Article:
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News on Invasives

National Voluntary Code of Conduct for the Ornamental Horticulture Industry Launched

Peterborough, ON, June 12, 2019 - The Canadian Council on Invasive Species, along with several key partners are excited to launch a new National Voluntary Code of Conduct for the ornamental horticulture industry. The National Voluntary Code of Conduct supports the Canadian Council on Invasive Species’ Be Plant Wise program. The goal of the Be Plant Wise program is to support and recognize responsible leaders in the horticulture industry who adopt best practices to avoid the introduction of high-risk invasive plants to specific regions.

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May 31, 2019 - Invasive Mussel Defence Program launches new season

May 31, 2019; KELOWNA - British Columbia's Invasive Mussel Defence Program is launching into its fifth season of protecting B.C. waterways from invasive zebra and quagga mussels. From now until late October 2019, inspectors with the B.C. Conservation Officer Service (COS) will be at 12 inspection stations throughout the province, educating the public about invasive mussels and checking boats travelling into and through B.C. before they enter the water.

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Invasive Mussel Defence Program 2018 Interim Report Now Available

The Invasive Mussel Defence Program (IMDP) is a shared delivery between staff from the B.C. Conservation Office Service (COS) and the Environmental Sustainability & Strategic Policy Division (ESSPD) within the Ministry of Environment and Climate Change Strategy (ENV). The interim report for the 2018 season has been published. 

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Peace River Regional District puts invasive daisies on notice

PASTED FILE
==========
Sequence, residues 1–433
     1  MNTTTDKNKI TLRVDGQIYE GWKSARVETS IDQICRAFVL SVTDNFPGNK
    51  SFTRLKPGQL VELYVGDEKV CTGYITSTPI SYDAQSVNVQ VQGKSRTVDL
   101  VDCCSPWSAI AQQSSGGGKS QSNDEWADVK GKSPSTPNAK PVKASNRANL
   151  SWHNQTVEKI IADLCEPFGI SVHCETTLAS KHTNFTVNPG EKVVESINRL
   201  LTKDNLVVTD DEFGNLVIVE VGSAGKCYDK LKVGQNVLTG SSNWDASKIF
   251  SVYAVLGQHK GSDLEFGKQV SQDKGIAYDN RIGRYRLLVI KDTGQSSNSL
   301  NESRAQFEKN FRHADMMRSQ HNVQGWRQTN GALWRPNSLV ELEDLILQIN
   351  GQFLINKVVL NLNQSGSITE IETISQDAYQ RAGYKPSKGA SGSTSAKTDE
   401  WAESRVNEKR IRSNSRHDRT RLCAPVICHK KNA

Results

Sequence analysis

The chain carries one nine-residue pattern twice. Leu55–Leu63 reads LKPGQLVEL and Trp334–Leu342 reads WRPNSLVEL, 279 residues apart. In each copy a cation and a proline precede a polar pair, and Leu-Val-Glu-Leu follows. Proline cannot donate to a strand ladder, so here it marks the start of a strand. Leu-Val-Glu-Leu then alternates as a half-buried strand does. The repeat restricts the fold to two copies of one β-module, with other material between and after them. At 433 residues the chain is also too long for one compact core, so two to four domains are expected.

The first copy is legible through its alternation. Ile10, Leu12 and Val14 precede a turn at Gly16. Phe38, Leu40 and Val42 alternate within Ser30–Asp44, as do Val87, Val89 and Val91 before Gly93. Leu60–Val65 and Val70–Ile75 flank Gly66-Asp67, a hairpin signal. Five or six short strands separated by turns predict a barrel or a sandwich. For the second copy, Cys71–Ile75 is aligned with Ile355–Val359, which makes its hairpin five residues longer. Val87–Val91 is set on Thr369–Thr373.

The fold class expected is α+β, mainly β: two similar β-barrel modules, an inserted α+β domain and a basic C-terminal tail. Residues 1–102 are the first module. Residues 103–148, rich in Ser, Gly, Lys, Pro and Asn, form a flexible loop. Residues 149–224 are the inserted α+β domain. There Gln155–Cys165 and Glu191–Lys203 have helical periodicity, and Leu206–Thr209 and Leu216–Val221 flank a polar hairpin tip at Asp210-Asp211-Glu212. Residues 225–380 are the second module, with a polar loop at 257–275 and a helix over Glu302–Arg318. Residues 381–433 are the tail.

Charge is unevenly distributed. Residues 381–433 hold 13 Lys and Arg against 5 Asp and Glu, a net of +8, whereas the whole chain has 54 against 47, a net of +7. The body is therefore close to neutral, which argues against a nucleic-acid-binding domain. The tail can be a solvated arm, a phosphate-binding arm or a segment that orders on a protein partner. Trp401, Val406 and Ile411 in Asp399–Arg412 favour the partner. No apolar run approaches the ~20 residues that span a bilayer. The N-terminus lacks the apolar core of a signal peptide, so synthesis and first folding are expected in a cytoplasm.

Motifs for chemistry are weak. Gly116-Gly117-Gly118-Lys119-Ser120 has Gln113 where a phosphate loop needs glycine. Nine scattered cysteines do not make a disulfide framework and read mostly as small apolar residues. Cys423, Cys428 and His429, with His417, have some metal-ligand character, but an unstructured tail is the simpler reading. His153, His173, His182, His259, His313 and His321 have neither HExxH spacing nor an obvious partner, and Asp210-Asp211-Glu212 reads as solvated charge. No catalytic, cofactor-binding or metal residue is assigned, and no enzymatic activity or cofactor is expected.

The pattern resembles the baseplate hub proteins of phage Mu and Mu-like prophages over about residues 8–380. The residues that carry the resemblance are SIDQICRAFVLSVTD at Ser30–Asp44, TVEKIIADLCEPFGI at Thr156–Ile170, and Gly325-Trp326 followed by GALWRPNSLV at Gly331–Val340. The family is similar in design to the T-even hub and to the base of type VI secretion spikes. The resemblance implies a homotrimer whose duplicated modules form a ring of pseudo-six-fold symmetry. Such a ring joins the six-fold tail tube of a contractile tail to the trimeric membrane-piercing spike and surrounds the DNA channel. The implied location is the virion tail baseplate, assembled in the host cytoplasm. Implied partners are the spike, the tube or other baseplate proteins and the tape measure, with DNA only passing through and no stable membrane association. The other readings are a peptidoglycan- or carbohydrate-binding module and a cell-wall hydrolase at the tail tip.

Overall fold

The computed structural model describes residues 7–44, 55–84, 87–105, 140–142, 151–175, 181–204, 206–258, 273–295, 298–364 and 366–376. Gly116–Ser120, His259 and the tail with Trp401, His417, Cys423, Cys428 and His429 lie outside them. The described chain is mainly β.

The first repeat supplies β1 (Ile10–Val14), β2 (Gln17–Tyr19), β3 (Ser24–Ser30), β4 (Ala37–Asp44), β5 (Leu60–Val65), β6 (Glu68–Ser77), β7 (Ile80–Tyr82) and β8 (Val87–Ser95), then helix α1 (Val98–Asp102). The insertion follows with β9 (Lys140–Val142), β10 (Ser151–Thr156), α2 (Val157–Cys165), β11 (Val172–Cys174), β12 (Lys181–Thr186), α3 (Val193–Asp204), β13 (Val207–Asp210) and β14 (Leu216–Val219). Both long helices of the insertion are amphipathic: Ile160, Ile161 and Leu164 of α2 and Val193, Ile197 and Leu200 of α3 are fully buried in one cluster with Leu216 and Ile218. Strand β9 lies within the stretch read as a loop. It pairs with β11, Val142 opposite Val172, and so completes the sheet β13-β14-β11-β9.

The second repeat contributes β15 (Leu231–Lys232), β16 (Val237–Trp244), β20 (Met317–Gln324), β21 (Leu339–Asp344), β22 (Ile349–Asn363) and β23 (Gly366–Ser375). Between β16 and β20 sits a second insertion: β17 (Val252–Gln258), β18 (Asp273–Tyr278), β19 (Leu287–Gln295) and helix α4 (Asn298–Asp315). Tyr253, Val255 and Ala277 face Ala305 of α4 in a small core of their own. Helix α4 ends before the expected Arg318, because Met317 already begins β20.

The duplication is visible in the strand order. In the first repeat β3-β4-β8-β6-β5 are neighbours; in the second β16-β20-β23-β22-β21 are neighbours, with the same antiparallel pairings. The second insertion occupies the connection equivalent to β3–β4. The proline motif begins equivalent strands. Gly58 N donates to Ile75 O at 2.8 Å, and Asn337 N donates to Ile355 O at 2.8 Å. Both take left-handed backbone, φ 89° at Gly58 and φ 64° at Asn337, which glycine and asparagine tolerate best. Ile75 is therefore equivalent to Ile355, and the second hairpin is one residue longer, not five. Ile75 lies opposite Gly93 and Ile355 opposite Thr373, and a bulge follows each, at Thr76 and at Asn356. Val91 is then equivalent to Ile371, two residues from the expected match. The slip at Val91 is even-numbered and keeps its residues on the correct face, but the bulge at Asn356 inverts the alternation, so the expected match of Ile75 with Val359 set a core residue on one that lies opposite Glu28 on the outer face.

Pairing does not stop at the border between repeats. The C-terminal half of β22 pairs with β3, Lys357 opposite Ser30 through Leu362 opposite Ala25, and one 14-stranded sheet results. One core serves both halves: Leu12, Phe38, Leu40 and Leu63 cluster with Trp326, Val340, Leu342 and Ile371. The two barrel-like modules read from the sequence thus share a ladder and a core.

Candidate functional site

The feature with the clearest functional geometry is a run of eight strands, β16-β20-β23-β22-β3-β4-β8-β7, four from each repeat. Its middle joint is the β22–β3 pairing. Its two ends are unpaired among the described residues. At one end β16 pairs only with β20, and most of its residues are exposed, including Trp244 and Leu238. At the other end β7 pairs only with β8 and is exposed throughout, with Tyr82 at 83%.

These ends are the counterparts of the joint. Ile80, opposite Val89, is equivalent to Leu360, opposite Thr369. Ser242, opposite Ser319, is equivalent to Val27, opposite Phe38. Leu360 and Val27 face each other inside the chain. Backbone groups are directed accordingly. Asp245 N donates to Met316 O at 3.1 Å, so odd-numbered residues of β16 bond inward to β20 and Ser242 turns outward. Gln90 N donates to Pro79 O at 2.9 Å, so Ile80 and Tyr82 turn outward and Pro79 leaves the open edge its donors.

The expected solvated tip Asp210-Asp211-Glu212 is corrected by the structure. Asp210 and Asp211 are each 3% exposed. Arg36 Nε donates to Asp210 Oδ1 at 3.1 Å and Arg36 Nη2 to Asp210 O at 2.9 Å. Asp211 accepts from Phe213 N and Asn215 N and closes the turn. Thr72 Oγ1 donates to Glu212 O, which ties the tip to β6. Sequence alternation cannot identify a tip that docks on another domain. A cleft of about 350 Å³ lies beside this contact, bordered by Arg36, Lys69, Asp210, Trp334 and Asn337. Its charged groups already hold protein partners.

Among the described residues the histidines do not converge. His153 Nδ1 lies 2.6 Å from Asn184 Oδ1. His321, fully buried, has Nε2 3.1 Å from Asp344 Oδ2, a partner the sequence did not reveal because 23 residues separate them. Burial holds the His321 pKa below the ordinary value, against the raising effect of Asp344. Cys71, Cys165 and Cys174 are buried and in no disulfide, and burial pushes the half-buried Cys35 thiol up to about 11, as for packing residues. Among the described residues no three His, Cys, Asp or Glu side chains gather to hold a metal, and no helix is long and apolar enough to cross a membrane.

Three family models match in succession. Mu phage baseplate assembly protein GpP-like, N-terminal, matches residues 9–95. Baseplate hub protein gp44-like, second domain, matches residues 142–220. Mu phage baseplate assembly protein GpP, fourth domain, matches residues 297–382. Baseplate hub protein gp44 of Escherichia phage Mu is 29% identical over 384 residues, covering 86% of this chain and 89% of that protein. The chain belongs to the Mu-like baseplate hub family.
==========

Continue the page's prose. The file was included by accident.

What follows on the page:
The Peace River Regional District (PRRD) is putting invasive daisies on notice! These white petalled, yellow-centered daisy flowers are the PRRD’s most wanted invasive plants in 2018! Read more and listen to the invasive daisy jingles.

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Gail Wallin Spreads the Word about BC’s Invasives

Local Invasive Species. From fire ants to knotweed - Gail Wallin, executive director of the Invasive Species Council of BC joins Breakfast Television in Vancouver's Riaz Meghji to look at five invasive species having an impact on local ecosystems and explains what you can do about it.

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B.C. lake infested with hundreds of goldfish just months after pets released into wild

CBC News, Cory Correia, August 15, 2018 - BRITISH COLUMBIA. B.C. lake infested with hundreds of goldfish just months after pets released into wild. Some goldfish in Pinecrest Lake are now as large as 13 centimetres, says invasive species expert. Residents of a small B.C. lakeside community say they're dealing with a goldfish infestation after someone dumped their unwanted pets in the water.

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Fight against invasive species continues on Seymour Lake

Smithers Interior News, Cassidy Muir, Aug. 23, 2018 - SMITHERS. Fight against invasive species continues on Seymour Lake; Yellow floating heart continues to spread quickly. The recent heat wave in the Bulkley Valley has sent residents flocking to the water to cool off. Anyone who’s found relief at Seymour Lake in Smithers may have noticed a sign warning them about yellow floating heart.

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Invasive Mussel Defence Program Spring 2018 Status Report

The first status report for the 2018 season of the BC Invasive Mussel Defence Program for the period of March 1 to May 31, 2018 is now available.

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Invasive plant species for sale in Kootenay region - Warning issued by watchdog council

Nelson Star, Jun. 29, 2018 - NELSON. Invasive plant species for sale in Kootenay region. Warning issued by watchdog council. With the warm weather favouring B.C.’s backyard and water garden enthusiasts, the Invasive Species Council of BC (ISCBC) and the Central Kootenay Invasive Species Society (CKISS) are reminding the public to be careful when selecting plants for their ponds and gardens.

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100 Mile Elementary students pull weeds from Centennial Park

100 Mile Free Press, June 21, 2018 - 100 MILE HOUSE. 100 Mile Elementary students pull weeds from Centennial Park. “We try to get the kids out as much as possible”. The weed pull was part of an educational workshop run by members of the Invasive Species Council of B.C (ISC). Shanon McConnell, the ISC 100 Mile team lead, said it’s important to teach kids about invasive species and how to control them. “Invasive species come in and they essentially push out all the native vegetation, and that can be detrimental to the local ecosystem,” said McConnell.

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